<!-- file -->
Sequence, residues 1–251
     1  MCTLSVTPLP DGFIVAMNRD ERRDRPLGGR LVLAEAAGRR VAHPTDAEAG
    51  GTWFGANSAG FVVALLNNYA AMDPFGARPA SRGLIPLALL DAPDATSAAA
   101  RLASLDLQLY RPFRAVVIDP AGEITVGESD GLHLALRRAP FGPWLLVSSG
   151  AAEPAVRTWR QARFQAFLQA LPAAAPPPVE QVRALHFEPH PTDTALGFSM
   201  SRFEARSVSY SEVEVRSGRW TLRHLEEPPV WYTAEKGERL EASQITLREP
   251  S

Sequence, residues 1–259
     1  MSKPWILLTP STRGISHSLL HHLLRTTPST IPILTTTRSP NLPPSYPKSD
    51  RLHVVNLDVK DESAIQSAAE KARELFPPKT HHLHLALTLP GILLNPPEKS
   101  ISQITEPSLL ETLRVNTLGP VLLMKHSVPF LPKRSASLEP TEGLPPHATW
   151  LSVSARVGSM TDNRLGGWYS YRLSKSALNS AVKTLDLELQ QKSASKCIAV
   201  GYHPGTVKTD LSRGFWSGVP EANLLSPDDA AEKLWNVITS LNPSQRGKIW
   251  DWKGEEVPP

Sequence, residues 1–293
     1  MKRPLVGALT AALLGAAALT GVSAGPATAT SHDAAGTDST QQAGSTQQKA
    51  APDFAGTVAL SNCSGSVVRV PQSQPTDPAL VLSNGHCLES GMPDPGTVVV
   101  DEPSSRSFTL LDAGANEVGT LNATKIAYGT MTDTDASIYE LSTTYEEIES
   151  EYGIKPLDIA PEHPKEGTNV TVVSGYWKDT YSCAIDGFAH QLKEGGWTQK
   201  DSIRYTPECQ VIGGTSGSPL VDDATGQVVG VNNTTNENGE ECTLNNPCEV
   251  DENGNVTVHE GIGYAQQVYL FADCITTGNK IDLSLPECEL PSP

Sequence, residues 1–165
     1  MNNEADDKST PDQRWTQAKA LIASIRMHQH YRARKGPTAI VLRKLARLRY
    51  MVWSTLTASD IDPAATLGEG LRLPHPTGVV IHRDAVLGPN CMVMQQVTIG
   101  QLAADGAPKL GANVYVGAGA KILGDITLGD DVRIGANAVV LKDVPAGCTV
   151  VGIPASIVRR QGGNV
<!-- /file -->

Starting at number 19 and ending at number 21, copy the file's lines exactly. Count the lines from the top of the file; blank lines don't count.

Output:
   151  EYGIKPLDIA PEHPKEGTNV TVVSGYWKDT YSCAIDGFAH QLKEGGWTQK
   201  DSIRYTPECQ VIGGTSGSPL VDDATGQVVG VNNTTNENGE ECTLNNPCEV
   251  DENGNVTVHE GIGYAQQVYL FADCITTGNK IDLSLPECEL PSP